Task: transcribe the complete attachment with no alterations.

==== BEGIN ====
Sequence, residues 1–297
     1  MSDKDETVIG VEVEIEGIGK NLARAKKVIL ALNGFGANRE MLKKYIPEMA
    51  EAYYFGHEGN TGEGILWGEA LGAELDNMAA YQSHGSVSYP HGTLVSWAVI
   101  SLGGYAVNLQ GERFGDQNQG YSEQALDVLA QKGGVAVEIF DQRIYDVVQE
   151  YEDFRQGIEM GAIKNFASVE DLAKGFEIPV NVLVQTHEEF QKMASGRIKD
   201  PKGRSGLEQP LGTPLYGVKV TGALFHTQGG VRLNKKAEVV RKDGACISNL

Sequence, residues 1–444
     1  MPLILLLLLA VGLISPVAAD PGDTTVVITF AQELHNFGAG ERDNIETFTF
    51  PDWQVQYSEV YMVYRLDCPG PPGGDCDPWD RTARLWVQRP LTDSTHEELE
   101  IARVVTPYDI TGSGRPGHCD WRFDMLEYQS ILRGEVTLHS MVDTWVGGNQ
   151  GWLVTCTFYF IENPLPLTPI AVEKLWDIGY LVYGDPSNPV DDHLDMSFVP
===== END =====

Sequence, residues 1–297
     1  MSDKDETVIG VEVEIEGIGK NLARAKKVIL ALNGFGANRE MLKKYIPEMA
    51  EAYYFGHEGN TGEGILWGEA LGAELDNMAA YQSHGSVSYP HGTLVSWAVI
   101  SLGGYAVNLQ GERFGDQNQG YSEQALDVLA QKGGVAVEIF DQRIYDVVQE
   151  YEDFRQGIEM GAIKNFASVE DLAKGFEIPV NVLVQTHEEF QKMASGRIKD
   201  PKGRSGLEQP LGTPLYGVKV TGALFHTQGG VRLNKKAEVV RKDGACISNL

Sequence, residues 1–444
     1  MPLILLLLLA VGLISPVAAD PGDTTVVITF AQELHNFGAG ERDNIETFTF
    51  PDWQVQYSEV YMVYRLDCPG PPGGDCDPWD RTARLWVQRP LTDSTHEELE
   101  IARVVTPYDI TGSGRPGHCD WRFDMLEYQS ILRGEVTLHS MVDTWVGGNQ
   151  GWLVTCTFYF IENPLPLTPI AVEKLWDIGY LVYGDPSNPV DDHLDMSFVP